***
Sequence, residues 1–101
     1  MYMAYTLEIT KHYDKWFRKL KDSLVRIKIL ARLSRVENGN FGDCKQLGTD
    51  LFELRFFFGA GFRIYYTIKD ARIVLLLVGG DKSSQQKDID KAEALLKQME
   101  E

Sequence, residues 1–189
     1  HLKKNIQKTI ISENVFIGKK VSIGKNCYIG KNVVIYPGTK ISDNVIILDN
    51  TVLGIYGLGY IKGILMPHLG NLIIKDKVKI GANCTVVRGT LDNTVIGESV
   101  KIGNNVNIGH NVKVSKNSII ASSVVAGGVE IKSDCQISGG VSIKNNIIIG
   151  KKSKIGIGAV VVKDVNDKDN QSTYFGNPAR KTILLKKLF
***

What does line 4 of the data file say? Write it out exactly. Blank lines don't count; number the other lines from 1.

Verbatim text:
   101  E